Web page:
Your Mental Frontiers

06.10.2016 |

Episode #1 of the course A serious person’s guide to positive thinking by Mitch Horowitz


This course teaches you how to use your mind to transform your life. We are not going to explore “cutting-edge” cognitive studies or neuroscience breakthroughs. No. If you want that, click onto a Ted Talk or any of the pop-science brain trends written about online.

Rather, we are aiming for a total revolution in your existence—a new sense of who you are, and of the unseen faculties and agencies that you possess. This course is a hands-on application of a misunderstood field: positive-mind metaphysics.

You’ve probably heard critics running down “positive thinking” as a namby-pamby philosophy of wishful thoughts and popular delusion. I have studied the field for ten years and documented it as a historian and personal seeker. I promise you this: the critics are wrong. The seemingly familiar world of positive thinking can unlock a new world of self-potential for you.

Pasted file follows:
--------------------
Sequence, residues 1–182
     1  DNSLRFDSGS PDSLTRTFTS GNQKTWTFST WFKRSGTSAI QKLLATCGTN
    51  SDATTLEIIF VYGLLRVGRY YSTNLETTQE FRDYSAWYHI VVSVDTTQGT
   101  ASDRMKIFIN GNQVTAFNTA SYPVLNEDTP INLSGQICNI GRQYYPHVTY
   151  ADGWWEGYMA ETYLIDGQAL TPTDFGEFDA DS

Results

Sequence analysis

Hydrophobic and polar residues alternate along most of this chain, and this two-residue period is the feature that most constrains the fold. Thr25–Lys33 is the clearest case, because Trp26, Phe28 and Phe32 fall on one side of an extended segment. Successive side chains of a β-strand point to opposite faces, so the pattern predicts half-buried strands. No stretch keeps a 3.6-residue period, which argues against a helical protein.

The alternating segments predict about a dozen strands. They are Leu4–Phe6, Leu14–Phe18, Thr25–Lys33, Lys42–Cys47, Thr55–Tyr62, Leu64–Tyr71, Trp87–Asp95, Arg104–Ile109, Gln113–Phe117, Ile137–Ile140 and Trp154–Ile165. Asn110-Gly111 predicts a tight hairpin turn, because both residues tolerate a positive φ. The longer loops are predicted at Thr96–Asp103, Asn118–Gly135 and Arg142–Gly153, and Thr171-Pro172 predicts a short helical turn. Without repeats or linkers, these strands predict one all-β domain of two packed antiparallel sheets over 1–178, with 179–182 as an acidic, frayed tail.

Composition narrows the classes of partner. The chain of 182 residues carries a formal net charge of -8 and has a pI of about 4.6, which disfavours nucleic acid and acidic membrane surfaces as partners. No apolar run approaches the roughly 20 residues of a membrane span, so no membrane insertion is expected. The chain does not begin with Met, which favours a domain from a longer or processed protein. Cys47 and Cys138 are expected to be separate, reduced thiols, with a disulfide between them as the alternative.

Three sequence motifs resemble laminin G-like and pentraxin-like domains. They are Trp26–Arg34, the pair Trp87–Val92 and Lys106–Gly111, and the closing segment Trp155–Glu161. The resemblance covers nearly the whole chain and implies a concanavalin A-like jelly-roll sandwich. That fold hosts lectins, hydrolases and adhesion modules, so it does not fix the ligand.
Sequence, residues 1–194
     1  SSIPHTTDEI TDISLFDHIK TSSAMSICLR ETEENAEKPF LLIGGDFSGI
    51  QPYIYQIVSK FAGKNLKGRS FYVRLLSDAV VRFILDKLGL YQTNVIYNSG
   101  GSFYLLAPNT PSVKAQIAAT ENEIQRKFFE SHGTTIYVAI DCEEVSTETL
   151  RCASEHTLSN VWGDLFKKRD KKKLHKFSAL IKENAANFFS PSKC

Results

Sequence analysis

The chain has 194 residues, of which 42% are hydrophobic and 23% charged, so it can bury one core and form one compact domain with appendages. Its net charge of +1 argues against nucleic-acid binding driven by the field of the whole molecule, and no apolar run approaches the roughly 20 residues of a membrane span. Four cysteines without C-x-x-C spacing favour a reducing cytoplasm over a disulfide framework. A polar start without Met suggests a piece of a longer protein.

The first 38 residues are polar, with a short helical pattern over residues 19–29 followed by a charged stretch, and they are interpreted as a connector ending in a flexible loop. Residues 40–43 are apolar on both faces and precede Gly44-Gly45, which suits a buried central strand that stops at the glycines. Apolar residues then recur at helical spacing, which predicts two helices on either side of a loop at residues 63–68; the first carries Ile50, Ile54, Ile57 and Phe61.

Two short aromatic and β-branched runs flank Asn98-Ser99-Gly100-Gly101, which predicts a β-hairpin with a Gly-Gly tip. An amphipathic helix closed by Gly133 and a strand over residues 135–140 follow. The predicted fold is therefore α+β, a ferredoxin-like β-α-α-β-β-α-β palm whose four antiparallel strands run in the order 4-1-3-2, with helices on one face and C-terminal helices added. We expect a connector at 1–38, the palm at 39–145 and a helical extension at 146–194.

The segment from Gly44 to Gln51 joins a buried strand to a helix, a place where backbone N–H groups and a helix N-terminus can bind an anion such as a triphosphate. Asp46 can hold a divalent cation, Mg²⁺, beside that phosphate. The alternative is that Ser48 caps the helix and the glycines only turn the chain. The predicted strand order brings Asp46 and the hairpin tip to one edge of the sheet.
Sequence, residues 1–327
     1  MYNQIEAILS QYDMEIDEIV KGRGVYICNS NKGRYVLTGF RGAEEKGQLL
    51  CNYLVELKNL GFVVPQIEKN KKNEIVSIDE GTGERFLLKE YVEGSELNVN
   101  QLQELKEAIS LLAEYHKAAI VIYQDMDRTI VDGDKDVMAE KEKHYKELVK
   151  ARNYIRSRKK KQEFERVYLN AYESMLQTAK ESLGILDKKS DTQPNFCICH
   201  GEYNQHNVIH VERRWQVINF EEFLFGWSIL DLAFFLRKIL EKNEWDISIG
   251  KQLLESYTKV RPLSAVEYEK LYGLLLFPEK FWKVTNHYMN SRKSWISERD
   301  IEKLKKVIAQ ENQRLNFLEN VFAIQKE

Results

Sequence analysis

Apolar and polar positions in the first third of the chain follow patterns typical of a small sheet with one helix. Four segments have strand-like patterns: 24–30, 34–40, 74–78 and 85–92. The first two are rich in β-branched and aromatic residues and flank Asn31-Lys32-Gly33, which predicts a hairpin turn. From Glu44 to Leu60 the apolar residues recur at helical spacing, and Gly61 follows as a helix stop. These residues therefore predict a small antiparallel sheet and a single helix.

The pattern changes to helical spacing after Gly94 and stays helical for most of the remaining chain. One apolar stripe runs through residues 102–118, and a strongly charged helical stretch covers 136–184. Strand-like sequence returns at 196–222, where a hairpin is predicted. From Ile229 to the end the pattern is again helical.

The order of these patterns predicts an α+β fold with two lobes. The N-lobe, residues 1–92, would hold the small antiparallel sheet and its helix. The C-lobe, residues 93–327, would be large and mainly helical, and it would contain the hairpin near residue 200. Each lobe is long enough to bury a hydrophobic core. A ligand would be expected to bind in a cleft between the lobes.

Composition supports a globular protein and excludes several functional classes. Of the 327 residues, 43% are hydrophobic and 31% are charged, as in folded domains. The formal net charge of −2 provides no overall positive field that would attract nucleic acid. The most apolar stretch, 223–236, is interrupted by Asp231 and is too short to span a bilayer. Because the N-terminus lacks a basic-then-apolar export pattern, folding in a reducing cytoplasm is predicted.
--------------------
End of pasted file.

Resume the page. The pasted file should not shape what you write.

Do you doubt that? Use this course’s ten simple lessons—or any one of them—to put my claim to the test. If what I write here doesn’t work for you, discard my claims. But if it does work, not only will you gain a significant new measure of self-respect, creativity, and vibrancy, but you will question everything that you have been taught about what it means to be human.

The foundational principle of this course is the one simple idea that thoughts are causative. What do I mean by that? Do we live under an overarching mental super law, sometimes called the Law of Attraction? No. We live under many laws and forces. But thought is one exquisitely effective (and little understood) aspect of life. Our thoughts co-create our lives in ways that we have not yet understood.

A bit of history before we get our hands dirty. Positive-mind metaphysics is rooted in a wave of therapeutic spiritual experiments in mid to late 19th-century New England, which followed from the writings of Ralph Waldo Emerson. Freethinkers probed how our thoughts impact reality. I call their approach “applied Transcendentalism.” It became popularly known as the “power of positive thinking,” or New Thought.

Before we go further, I have a vital piece of advice. One factor, more than any other, will determine how you experience this course: your depth of hunger for self-change. As an Arab proverb goes, “The way bread tastes depends on how hungry you are.” The key to every self-help program is to approach it as if your life depends on it. If you do that, you will discover extraordinary new possibilities.


Recommended book

One Simple Idea: How the Lessons of Positive Thinking Can Transform Your Life by Mitch Horowitz


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